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What is salvaged, what is sacrificed
by Paul Smart
February 05, 2009 01:00 AM | 0 0 comments | 2 2 recommendations | email to a friend | print
At first Eleanor Steffen's new paintings - which will be showing at the Odd Fellows' Atelier in Saugerties starting with an artist's reception this Friday evening, February 6 - seem like an odd side trip from the paintings that she's been perfecting, and winning regional awards for, over her past 20 years in Woodstock. They're all of two figures: dark-dressed and hat-topped women of the early 20th century, faceless. Nowhere to be seen are the Fauvist cows and chickens or Expressionistically rendered girl dolls, like memories captured from fevered dreams. The predominant colors feel brooding, half-finished.

Yet spend some time with these large-scale paintings, and they do end up an extension of what led Steffen to follow a 21-year career as a public school art teacher into a life filled with painting. They're all about big brushstrokes and the emotional resonance of colors - as well as about their creator's need to define herself through expressions, no matter the nature of what exactly she's trying to express.

Steffen charts her life in terms of several milestones. First came her realization that there was something about art that she liked, reached at age five. "I had never had much self-esteem as a child, and we did this long mural in kindergarten that the teacher invited our principal in to see," she recalls, telling of the early moment. "'Here, look at Ellie's tree,' my teacher told her, pointing out how it was the only one not a lollipop tree. That made me want to make more art."

Then came her decision, when a 35-year-old single mom of three, to go back to school and become an art teacher. That in turn led her to come upstate in 1975 for some classes at the old Arts Students' League campus (where the Woodstock School of Art now is), where Milestone Number Three took place: "I asked if there was anyone who didn't do flowers or landscapes, and they told me about their one abstract artist. That was Bernard Steffen, who was the great love of my life," she recalled.

At the time, the legendary protégé of Thomas Hart Benton - a Works Progress Administration artist who later shifted into abstraction, alongside his Midwestern friend Jackson Pollock - was 30 years older than his 38-year-old wife. Three weeks before the wedding his home and studio burned to the ground, without insurance. A year later, Steffen was diagnosed with Lou Gehrig's disease. By 1980, he had passed away. And yet, Steffen says in her ebulliently thankful-for-all manner, her marriage taught her how she wanted to paint - gave her a vision of what an uncompromised artist's life could be like: full of expression, no matter what needed expressing.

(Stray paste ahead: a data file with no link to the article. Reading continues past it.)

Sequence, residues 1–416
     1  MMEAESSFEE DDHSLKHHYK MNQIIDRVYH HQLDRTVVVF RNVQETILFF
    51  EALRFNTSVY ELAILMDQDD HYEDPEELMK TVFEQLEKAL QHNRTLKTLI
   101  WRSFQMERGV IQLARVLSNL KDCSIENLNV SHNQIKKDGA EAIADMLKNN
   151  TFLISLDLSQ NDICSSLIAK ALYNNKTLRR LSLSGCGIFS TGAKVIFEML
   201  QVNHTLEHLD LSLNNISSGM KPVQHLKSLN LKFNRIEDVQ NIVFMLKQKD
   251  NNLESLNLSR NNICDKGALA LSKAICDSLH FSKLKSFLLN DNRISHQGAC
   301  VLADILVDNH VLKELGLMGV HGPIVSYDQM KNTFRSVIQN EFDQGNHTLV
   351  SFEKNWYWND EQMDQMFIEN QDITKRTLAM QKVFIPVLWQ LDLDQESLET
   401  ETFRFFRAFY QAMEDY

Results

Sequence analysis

Later, when she finished teaching, she bought a house in the town that her husband had loved, and moved up full-time. She took pre-med studies in Albany, focused on Lou Gehrig's disease and started donating anything she made from her painting to foundations looking for its cure.

She was diagnosed with cancer, beat it, reevaluated her life yet again. Something, she says, seemed to loosen inside her, as well as the works she was creating. She found that it was enough to paint as well as she could. She liked what the act of creating did for her.

Solo shows at local artists' associations and smaller galleries ensued. By last year, she was able to augment her teacher's pension with $4,000 in earnings from her art. Then came the most recent, more aesthetically driven shifts. She started to feel, about two or three years ago, that she was wasting time doing faces. They weren't her strength, and she liked the pieces that she was making without them. So out they went. Then she tired of working from photographs, so she started painting without a starting point - out of which came the current series, although she then pulls out an old image that she found and worked in as the conjoining theme of the new pieces.

Steffen says that the new exhibition came about when her old friend, Odd Fellows' Atelier's owner Geri Halpern, saw one of the new paintings and suggested grouping under the title "La Bohème." She was referring to the great tragic love story of down-and-outs in the 19th century, a tale of the sacrifices that we make to get what we want. "I told her, 'I'm a strong painter and a strong woman. What do I have to do with that?'" she notes.

But then she shows off an image that she did years ago of herself as a 38-year-old bride with her 68-year-old husband, to be hers but briefly: broad-stroked and emotional. We look over some of Bernard Steffen's work from his 50-year career, including a series of prototypes for wallpaper designs that he made money making in the 1940s. "I realized there is a quality of La Bohème to it all," Steffen says - as there is to all art, in the end.

"What have I learned from it all, over time?" she continues, when prodded. "You go in the studio and have to make believe you're still teaching, at times. You make a stroke. You start." And thereafter, life continues - and glows.

Eleanor Steffen's "La Bohème" exhibition, which will also feature work by her late legendary husband, Bernard Steffen, opens at Odd Fellows' Atelier at 220 Main Street in Saugerties this Friday evening, February 6, from 6 to 8 p.m. For more information, call (845) 684-5167 or (845) 246-3316.

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